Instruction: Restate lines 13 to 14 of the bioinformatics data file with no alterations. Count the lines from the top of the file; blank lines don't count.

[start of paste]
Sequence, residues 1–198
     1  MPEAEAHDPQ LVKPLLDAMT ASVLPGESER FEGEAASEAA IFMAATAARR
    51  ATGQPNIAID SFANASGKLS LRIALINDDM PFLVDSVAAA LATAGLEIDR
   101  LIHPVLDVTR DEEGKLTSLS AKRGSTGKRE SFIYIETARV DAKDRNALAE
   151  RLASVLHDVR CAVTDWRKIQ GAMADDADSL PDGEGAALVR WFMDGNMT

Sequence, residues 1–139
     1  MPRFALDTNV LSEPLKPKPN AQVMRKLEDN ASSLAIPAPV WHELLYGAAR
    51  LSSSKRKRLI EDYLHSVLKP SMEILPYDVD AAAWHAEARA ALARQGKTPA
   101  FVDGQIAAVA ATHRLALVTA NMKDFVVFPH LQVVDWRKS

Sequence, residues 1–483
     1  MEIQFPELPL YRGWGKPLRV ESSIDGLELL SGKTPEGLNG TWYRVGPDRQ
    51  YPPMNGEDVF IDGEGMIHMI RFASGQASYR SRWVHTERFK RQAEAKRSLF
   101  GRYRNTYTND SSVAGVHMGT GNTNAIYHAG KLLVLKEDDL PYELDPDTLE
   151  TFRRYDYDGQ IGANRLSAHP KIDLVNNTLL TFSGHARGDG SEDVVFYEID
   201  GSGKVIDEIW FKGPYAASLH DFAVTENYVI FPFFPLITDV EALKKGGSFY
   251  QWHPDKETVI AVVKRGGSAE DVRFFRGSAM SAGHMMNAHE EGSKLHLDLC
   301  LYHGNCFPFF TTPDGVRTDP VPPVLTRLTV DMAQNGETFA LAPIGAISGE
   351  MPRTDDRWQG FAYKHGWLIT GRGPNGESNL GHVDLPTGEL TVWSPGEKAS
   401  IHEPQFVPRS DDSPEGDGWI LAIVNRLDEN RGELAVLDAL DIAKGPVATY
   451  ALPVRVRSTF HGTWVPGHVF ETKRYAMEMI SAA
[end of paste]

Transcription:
   101  GRYRNTYTND SSVAGVHMGT GNTNAIYHAG KLLVLKEDDL PYELDPDTLE
   151  TFRRYDYDGQ IGANRLSAHP KIDLVNNTLL TFSGHARGDG SEDVVFYEID